Sunday, August 13, 2023

Sure You're Depressed, But At Least You Ain't an Iowa Democrat


Iowa Democrats are at their lowest [psychological] point in decades. “It is so bad,” said Claire Celsi, a Democratic state senator from West Des Moines. “I can’t even describe to you how bad it is.”

--Huynh & Epstein

Since 2018, I've been occasionally focused (hard) on Iowa and the chances that Democrats can flip some important seats.

In 2018, ex-baseball player J.D. Scholten made national waves challenging toxic spill Steve King, who represented the 4th CD of Iowa. Scholten showed strength, too, in a heavily Republican-leaning district and came within 3.4% of actually overtaking King. Scholten tried again in 2020 (same results), but the Democratic star of 2020 turned out to be Theresa Greenfield, mounting a lively "country girl" campaign designed to undercut incumbent Joni Ernst's tough hog-wrangler image. Greenfield ended up with just over 45% of the vote (which is less than winning but more than losing big).

The article in the NYTimes referenced above sez that Iowa Democrats "are despondent, exhausted by repeated defeats and the loss of their first-in-the-nation nominating contest." It's one thing to lose a single race; it's something wholly other when the DNC decides you, Iowa, won't be the first-in-the-nation Democratic caucus any longer. That honor (and that party-organizing tool, with all its economic side benefits -- the pouring in of money and personnel) goes now to South Carolina. Democrats are down, depressed, in the Dumps where sad ghosts dwell. There are ripple effects: Democrats in the State Legislature -- a minority that has no power whatsoever -- began to eat their own.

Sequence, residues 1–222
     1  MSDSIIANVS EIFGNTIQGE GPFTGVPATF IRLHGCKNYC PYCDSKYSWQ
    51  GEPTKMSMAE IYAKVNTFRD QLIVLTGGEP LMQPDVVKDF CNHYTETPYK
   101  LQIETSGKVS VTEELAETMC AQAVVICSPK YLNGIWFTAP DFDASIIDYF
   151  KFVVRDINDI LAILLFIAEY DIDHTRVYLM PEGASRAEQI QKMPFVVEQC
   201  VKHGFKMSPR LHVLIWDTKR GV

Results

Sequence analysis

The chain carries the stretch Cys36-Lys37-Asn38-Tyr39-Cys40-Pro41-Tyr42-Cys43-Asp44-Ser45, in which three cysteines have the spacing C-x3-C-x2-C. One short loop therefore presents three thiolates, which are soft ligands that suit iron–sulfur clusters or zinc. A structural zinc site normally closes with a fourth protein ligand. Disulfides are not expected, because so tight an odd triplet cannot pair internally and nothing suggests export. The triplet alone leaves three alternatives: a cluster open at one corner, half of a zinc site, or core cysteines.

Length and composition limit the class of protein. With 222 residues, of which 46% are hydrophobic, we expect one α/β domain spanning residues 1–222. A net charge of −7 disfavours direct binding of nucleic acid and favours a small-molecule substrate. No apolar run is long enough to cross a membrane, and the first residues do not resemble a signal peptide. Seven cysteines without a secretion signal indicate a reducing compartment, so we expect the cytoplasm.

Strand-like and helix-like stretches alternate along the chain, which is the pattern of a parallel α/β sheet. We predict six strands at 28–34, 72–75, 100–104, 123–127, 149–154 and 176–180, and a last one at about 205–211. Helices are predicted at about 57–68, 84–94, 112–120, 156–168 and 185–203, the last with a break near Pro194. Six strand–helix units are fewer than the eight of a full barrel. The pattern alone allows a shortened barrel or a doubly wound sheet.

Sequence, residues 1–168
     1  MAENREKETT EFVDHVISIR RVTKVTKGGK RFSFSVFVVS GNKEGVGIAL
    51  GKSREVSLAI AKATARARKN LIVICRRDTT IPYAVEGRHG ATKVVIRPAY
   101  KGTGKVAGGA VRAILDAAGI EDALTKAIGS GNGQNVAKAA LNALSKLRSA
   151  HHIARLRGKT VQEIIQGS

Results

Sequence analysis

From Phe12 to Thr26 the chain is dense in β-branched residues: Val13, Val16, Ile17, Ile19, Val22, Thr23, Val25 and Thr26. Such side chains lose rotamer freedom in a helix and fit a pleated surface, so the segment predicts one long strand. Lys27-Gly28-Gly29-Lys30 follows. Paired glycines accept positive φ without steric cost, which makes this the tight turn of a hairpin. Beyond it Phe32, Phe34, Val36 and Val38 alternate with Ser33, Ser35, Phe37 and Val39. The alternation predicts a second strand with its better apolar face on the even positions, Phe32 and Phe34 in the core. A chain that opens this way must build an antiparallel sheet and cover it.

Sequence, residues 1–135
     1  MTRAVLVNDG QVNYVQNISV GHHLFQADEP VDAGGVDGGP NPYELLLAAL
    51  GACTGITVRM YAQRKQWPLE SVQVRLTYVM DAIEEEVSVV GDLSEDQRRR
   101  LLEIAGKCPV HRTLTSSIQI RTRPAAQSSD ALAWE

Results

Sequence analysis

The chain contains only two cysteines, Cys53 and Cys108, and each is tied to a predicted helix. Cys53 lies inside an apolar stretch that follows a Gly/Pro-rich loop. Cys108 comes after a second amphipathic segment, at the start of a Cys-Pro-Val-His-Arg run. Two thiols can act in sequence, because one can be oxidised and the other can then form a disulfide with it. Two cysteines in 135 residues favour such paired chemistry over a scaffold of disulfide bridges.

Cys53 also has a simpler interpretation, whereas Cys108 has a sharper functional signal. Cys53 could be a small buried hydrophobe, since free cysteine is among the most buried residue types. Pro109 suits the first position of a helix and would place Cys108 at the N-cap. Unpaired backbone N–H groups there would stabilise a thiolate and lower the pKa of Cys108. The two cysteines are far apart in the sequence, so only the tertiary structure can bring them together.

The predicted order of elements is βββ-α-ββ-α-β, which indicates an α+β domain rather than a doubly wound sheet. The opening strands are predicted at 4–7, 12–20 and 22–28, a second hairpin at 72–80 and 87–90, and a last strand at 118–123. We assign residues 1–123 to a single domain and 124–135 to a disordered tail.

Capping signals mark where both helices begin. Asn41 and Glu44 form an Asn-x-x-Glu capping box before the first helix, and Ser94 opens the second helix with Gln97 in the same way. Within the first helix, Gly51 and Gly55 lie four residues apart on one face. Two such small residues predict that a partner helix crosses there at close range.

The trajectory for the Democratic Party in Iowa mimics the recent path of the NC Democratic Party:

Iowa’s transition to a deep-red state has taken place with remarkable speed. Democrats controlled the State Senate as recently as 2016. In 2018, Democrats won three of the state’s four congressional seats and three of the six statewide offices. But after the party’s bungling of its 2020 presidential caucuses, President Donald J. Trump cruised to victory in Iowa that November.


The underfunded, little-known Democratic nominee for governor lost by 19 percentage points to Gov. Kim Reynolds, a Republican, and carried only four of the state’s 99 counties. Republicans took all four congressional seats for the first time in 50 years, enacted a gun rights amendment in the State Constitution, ousted two of the three Democrats in statewide office and took supermajority control of both chambers of the Legislature.

Gosh. Sounds familiar, like maybe we've been here before and didn't learn anything. Now, while Iowa Democrats are Sisyphusing a huge stone, trying to recruit viable candidates under a defeatist cloud, at least the Democrats of North Carolina have some new energy -- and a new strategy -- because of 25-year-old Anderson Clayton.

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